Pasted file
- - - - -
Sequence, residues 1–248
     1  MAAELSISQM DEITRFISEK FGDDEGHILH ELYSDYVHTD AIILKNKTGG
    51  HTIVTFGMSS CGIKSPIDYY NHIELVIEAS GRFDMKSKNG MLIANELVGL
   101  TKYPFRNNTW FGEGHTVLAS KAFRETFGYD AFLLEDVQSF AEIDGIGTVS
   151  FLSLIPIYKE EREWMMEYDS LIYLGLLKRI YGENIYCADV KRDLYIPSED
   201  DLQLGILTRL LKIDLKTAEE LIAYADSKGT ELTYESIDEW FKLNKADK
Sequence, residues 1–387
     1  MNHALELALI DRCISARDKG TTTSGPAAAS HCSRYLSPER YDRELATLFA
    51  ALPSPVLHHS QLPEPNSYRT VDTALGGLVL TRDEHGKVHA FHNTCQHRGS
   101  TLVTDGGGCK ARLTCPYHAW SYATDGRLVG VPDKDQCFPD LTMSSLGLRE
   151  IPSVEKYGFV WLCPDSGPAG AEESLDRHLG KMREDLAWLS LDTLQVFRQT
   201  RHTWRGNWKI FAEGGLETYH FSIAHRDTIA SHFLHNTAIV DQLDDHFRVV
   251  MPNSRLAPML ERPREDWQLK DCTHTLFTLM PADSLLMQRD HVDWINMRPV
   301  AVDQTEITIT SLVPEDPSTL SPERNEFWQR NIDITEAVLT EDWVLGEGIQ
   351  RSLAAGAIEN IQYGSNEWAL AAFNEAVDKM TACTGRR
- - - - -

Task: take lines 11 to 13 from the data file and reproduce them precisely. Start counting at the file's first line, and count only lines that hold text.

   151  IPSVEKYGFV WLCPDSGPAG AEESLDRHLG KMREDLAWLS LDTLQVFRQT
   201  RHTWRGNWKI FAEGGLETYH FSIAHRDTIA SHFLHNTAIV DQLDDHFRVV
   251  MPNSRLAPML ERPREDWQLK DCTHTLFTLM PADSLLMQRD HVDWINMRPV